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United States v. Flemming

United States District Court, E.D. Michigan, Southern Division

November 29, 2017

IRVIN FLEMMING D-13, Defendant.



         Defendant Irvin Flemming was convicted of structuring financial transactions in violation of 31 U.S.C. § 5324(a)(1) and/or (3) and (d)(1). ECF 592, PgID 9405. He appealed his conviction and 24-month sentence; the Court of Appeals affirmed both. ECF 628. He now brings four pro se motions. The Court will deny the motions.

         I. Motion for Recusal [661]

         Flemming moved for the Court to recuse itself, on the grounds that a reasonable person would question its impartiality. In support, he relies on 28 U.S.C. §§ 144 and 455. Section 144 directs a party who believes that the judge who is presiding over his action "has a personal bias or prejudice either against him or in favor of any adverse party, " to file an affidavit which states "the facts and the reasons for the belief that bias or prejudice exists[.]" 28 U.S.C. § 144. Upon receipt of the affidavit, the "judge shall proceed no further therein, but another judge shall be assigned to hear such proceeding." Id. Section 455 explains when a judge should disqualify himself and lists several specific circumstances. 28 U.S.C. § 455.

         None of the reasons for recusal listed in § 455 are present here. The Court's former role as United States attorney has no bearing on "the merits of the particular case in controversy[.]" 28 U.S.C. § 455(b)(3). Flemming's intended, future lawsuits are likewise irrelevant to assessing bias in this case. And Flemming has failed to explain how the Court's speed in resolving his motions would demonstrate bias or a lack of impartiality.

         The motion will be denied.

         II. Motion for Government to Return Personal Property [527]

         Prior to sentencing, Flemming filed a motion asking the Court to order the return of architectural plans and the title to a 2007 Rolls-Royce automobile, both of which he alleged were his personal property. ECF 527. The Government first responded that both the title and the plans were seized pursuant to a search warrant of a co-defendant's house. ECF 534. Two days later, the Government corrected itself in an amended response: the plans were seized in the search of the house, but the title was obtained through a grand-jury subpoena. ECF 535. The Government agreed to return the title and evidently did so. See Id. at PgID 5719; ECF 632, PgID 10365 (noting that the AUSA "returned the title to [Flemming's] Rolls Royce on April 14, 2015"). So only Flemming's request for the blueprints remains.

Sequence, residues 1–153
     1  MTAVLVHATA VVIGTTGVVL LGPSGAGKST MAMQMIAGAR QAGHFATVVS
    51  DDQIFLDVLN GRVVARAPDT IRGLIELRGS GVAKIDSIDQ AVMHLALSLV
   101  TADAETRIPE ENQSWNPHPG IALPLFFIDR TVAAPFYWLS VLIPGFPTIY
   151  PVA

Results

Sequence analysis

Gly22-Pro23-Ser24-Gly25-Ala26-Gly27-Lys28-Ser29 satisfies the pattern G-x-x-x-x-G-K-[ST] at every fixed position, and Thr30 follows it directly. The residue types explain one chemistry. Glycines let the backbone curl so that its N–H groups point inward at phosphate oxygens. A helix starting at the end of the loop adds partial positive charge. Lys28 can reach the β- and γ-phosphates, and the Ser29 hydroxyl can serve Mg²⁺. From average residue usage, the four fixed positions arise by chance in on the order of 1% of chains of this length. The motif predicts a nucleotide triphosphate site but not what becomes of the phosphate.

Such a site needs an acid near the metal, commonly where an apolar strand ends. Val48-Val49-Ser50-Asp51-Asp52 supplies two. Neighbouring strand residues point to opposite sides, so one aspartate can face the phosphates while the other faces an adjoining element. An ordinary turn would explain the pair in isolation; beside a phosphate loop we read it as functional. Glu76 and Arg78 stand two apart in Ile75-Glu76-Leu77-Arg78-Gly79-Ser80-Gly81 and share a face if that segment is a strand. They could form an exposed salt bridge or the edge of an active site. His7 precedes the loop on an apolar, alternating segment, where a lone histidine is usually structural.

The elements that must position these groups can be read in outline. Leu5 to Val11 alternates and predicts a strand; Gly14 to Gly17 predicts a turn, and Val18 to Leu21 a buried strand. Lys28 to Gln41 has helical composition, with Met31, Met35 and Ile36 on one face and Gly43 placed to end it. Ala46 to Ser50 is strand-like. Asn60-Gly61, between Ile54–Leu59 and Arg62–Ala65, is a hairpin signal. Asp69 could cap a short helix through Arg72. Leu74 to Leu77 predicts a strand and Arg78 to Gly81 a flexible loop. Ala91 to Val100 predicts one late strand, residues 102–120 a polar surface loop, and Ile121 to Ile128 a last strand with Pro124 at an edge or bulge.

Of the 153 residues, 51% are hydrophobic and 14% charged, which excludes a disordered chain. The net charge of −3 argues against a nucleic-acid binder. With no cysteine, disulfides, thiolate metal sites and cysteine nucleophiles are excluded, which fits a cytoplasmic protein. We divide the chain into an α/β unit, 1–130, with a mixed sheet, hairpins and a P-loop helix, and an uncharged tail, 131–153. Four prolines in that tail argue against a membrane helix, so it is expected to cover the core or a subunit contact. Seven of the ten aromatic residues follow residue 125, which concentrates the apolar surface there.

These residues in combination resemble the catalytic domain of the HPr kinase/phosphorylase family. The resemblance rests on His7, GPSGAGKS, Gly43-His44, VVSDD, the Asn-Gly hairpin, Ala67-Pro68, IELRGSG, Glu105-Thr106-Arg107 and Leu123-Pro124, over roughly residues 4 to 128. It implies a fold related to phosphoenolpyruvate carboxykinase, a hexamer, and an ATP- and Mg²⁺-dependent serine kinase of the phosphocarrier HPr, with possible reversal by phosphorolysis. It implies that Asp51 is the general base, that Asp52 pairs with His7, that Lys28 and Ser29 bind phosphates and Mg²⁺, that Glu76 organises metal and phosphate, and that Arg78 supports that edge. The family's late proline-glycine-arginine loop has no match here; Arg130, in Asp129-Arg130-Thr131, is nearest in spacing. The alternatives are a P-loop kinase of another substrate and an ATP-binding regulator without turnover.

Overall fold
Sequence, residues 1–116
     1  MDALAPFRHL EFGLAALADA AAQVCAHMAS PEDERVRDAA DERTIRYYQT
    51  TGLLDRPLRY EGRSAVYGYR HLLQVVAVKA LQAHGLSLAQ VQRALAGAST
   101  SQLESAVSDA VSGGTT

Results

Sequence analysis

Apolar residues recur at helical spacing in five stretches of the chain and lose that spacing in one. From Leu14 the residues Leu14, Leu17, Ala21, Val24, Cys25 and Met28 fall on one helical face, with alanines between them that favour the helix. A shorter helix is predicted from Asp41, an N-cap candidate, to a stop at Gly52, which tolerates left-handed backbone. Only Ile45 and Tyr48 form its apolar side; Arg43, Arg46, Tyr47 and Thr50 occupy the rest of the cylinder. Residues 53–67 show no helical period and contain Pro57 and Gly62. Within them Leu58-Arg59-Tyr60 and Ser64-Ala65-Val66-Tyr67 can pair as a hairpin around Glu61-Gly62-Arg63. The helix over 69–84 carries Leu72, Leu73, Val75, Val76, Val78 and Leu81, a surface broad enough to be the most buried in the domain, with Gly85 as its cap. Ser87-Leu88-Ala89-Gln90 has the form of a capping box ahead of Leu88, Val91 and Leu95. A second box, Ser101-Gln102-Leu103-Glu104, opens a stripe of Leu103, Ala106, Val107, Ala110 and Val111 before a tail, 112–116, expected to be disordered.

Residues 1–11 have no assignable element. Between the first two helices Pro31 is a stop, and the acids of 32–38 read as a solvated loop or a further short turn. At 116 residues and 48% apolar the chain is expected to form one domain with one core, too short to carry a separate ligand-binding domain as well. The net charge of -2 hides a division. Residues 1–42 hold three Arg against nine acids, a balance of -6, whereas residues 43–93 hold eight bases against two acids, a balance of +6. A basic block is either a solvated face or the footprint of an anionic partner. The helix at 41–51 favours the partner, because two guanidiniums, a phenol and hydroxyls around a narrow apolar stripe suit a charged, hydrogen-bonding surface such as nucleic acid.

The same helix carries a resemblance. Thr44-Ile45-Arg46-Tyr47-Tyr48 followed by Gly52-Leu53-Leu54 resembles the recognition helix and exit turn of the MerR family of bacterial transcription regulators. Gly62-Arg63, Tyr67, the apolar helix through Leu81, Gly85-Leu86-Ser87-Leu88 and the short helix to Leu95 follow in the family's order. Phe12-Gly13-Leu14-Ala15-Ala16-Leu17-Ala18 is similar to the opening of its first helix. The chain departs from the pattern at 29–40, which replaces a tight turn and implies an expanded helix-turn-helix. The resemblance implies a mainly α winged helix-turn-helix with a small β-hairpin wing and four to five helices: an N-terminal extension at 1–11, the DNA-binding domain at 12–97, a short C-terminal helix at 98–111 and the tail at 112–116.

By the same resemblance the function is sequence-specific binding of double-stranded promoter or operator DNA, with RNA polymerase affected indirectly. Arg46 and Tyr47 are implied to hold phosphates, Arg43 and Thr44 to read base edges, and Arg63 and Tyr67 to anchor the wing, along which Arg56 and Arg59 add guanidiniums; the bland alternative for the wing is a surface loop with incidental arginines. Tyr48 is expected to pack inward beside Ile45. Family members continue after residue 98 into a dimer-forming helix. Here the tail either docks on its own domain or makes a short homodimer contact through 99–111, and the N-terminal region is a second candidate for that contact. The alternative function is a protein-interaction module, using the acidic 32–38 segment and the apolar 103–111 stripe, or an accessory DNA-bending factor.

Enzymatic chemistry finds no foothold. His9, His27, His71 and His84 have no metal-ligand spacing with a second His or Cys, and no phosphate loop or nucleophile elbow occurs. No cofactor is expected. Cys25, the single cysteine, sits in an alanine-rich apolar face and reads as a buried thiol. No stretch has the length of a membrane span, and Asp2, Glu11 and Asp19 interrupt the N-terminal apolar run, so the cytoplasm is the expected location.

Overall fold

Flemming relies on Rule 41(g) of the Federal Rules of Criminal Procedure, which provides in pertinent part, "[a] person aggrieved by an unlawful search and seizure of property or by the deprivation of property may move for the property's return." Fed. R. Crim. P. 41(g). The general rule under Rule 41 is that "seized property, other than contraband, should be returned to its rightful owner once the criminal proceedings have terminated." United States v. Hess, 982 F.2d 181, 186 (6th Cir. 1992). But the burden of proof for a Rule 41(g) claim is on the claimant of the property, and the claimant must show that he is "lawfully entitled to possess" the property. Savoy v. United States, 604 F.3d 929, 932-33 (6th Cir. 2010).

         Flemming has failed to prove that he is a "person aggrieved by an unlawful search and seizure." In his motion, Flemming does not challenge the legality of the search and seizure in question. Flemming has also failed to prove that he is "lawfully entitled to possess the property, " and does not make any showing as to why the plans should be returned to him rather than to Carlos Powell, from whom the plans were seized.

         III. Motion for Relief from Judgment [632] and Motion for Leave [638]

         Flemming appears to seek relief from a criminal judgment on the grounds of alleged improprieties by the Government. The title of the motion mentions the "Fruit of the Poisonous Tree Doctrine" and much of the brief consists in allegations of wrongdoing by Kevin Boudreau (a private investigator hired by the Government) and Assistant U.S. Attorney Julie Beck. He states that he seeks relief pursuant to Rule 60 of the Federal Rules of Criminal Procedure, but that rule concerns "Victim's Rights" and is not pertinent to the complaints and assertions raised in Flemming's brief. It seems Flemming is actually seeking relief under Rule 60 of the civil rules: that rule concerns when a movant can receive relief from a judgment or order. And it is the civil rule that Flemming included a copy of and is discussed in the cases cited by Flemming.

         But Civil Rule 60 is inapposite. "A party may not seek relief from a criminal sentence under Fed.R.Civ.P. 60(b), because Rule 60(b) is not applicable to criminal proceedings." United States v. Diaz, 79 Fed.Appx. 151, 152 (6th Cir. 2003). Any relief would come through an appeal (which he pursued) or a motion to vacate his sentence pursuant to 28 U.S.C. § 2255 (which the Court addresses below). See ECF 661, PgID 10605.

         Flemming's motion for relief under Civil Rule 60, as well as his motion asking the Court ...

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